The oocyte development stages of Mycteroperca bonaci are similar to most marine teleosts (Nagahama, 1983; Ebisawa, 1990; Davis & West, 1993; Ferreira, 1995; García-Diaz et al., 1997). The only oocyte type not observed was the hydrated oocyte. Probably due to the reduced number of ripe females sampled, and to the fact that hydration is the most ephemeral stage of all (Hunter & Macewicz, 1985). Thus, being the hydrated oocyte rarely visible (Goeden, 1978), favorable conditions and a satisfactory sampling number are required.

The absence of immature females is probably related to fishing characteristics such as fishing ground and equipment selectivity. The smallest sizes are not vulnerable to these fishing gears and were not available for sampling. According to García-Cagide & García (1996), the size of first maturation of M. bonaci is between 50 and 60 centimeters total length, but sampled gonads were from individuals larger than 61 centimeters total length.

According to Sadovy & Shapiro (1987), the most evident of the ten indicators of protogynous hermaphroditism is the transitional individuals' presence.

Hastings (1981) mentions three forms of re-absorption of the ovarian tissue, together with proliferation of the testicular tissue that indicate gonadal transformation from female to male. Firstly, un-ovulated mature ova become encysted with fibroblasts and invaded by cells of unknown origin; secondly, vitellogenic oocytes are invaded and phagocytised by the cells of the granular layer; and, thirdly, no vitellogenic oocytes are fragmented.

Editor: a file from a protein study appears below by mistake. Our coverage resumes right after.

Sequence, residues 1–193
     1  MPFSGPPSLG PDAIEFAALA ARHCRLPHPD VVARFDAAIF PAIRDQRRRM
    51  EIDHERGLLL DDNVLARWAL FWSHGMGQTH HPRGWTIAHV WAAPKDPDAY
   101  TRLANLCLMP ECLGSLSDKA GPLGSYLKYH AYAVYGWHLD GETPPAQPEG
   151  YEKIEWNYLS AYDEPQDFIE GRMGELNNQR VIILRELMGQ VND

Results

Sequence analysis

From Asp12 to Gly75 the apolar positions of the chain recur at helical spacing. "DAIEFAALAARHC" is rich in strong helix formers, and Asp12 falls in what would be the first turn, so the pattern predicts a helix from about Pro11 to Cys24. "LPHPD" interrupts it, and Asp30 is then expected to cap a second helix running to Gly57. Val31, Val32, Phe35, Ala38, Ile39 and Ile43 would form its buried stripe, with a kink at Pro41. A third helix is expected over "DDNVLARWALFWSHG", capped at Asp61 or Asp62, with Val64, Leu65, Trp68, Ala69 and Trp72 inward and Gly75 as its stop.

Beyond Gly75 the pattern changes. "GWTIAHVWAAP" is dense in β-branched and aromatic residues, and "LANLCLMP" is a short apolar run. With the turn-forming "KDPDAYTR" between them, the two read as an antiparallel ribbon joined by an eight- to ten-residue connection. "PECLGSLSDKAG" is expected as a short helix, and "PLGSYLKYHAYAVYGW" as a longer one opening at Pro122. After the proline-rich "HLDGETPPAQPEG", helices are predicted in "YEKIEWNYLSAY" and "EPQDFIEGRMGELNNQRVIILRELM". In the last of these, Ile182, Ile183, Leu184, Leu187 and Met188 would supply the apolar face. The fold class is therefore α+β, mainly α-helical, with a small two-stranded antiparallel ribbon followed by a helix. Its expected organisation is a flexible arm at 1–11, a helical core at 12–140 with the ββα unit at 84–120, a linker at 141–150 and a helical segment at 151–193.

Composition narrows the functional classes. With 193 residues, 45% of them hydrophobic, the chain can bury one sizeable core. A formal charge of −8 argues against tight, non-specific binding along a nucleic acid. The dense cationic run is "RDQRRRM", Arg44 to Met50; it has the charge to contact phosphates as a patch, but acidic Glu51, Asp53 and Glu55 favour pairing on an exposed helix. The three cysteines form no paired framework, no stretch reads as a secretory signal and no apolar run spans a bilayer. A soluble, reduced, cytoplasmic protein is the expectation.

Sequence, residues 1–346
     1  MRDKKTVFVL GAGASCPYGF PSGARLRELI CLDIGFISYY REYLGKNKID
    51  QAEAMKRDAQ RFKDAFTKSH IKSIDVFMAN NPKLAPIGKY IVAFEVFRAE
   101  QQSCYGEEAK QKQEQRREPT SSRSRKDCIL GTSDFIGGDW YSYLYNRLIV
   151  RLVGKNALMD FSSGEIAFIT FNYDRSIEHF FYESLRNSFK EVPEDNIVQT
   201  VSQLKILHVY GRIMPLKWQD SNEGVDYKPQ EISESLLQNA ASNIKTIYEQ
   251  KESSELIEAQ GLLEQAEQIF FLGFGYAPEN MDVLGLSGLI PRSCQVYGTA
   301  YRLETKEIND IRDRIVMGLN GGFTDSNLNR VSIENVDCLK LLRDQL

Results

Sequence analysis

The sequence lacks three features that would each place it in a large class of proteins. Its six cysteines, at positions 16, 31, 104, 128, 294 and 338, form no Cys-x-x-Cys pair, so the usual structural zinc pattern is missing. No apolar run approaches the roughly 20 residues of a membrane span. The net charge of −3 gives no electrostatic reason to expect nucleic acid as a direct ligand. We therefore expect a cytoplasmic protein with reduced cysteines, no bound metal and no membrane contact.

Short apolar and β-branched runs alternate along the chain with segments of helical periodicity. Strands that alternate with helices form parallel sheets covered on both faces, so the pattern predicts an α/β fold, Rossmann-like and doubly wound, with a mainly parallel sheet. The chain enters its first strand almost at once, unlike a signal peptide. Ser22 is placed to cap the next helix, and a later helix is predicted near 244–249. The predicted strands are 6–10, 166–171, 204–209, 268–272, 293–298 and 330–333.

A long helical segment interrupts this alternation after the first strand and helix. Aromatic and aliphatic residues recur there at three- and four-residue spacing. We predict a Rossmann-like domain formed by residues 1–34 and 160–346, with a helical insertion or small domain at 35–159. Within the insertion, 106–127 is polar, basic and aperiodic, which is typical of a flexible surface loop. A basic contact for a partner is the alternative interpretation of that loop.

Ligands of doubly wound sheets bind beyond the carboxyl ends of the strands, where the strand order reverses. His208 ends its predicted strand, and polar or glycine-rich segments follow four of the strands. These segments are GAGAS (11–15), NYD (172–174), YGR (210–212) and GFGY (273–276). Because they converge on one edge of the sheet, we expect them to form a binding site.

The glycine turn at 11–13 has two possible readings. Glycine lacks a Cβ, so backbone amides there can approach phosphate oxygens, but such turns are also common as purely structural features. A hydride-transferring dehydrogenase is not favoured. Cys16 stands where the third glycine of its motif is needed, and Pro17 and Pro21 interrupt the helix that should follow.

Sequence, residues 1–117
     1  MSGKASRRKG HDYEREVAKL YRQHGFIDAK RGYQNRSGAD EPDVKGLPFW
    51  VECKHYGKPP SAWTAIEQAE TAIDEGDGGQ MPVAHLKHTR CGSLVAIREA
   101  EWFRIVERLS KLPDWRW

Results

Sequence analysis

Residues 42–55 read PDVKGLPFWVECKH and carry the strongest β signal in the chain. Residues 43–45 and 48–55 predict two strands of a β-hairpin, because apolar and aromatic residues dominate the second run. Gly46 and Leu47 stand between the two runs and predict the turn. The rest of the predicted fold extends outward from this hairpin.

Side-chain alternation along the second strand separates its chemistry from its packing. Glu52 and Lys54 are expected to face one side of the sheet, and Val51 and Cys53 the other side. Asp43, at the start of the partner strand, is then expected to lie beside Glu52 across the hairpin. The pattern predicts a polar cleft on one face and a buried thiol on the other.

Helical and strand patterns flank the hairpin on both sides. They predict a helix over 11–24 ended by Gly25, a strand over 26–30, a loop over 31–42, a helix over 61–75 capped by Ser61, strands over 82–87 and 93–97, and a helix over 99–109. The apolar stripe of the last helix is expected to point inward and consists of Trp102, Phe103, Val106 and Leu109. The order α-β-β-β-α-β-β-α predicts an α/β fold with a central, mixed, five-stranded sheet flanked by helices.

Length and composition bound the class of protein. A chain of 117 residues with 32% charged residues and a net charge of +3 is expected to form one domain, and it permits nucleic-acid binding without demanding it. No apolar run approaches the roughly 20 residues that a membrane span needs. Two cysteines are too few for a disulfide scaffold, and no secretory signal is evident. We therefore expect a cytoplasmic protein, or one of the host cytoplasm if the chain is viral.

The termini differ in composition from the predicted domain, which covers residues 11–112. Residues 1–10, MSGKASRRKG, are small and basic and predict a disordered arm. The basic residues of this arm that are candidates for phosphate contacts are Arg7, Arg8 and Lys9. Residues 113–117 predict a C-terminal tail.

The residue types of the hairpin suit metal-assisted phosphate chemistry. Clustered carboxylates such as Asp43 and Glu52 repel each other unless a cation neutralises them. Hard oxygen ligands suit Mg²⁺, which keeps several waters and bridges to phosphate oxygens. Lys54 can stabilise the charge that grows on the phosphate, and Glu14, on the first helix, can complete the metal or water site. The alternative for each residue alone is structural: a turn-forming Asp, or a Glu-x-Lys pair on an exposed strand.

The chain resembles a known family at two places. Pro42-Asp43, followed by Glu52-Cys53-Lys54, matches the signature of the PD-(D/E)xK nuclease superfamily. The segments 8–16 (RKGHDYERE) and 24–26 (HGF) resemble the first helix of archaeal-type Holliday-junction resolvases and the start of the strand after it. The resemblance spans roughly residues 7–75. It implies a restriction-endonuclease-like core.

According to Webb & Kingsford (1992), this transformation occurs gradually and varies with the proportion of testicular tissue and the presence of remnant oocyte in gonad. This transformation may be divided into three stages: initial, medium and final.

A form of re-absorption of the ovarian tissue was found in seven characteristic gonads of the resting stage and in another one of the early maturation stage. This form presented proliferation of spermatid crypts, as mentioned in Hastings (1981), and, in agreement with Webb & Kingsford (1992), was in the initial stage of sex transformation. Crabtree & Bullock (1998) presented as evidence of protogynous hermaphroditism for M. bonaci in Florida, the presence of a vestigial lumen in male gonads, vitellogenic oocytes in degeneration in the transitional gonads and the absence of small or young males. These evidences were also found for M. bonaci in Brazil, confirming that this species is a protogynous hermaphrodite. García-Cagide & García (1996) also pointed out this same hermaphroditism type for M. bonaci of Cuba.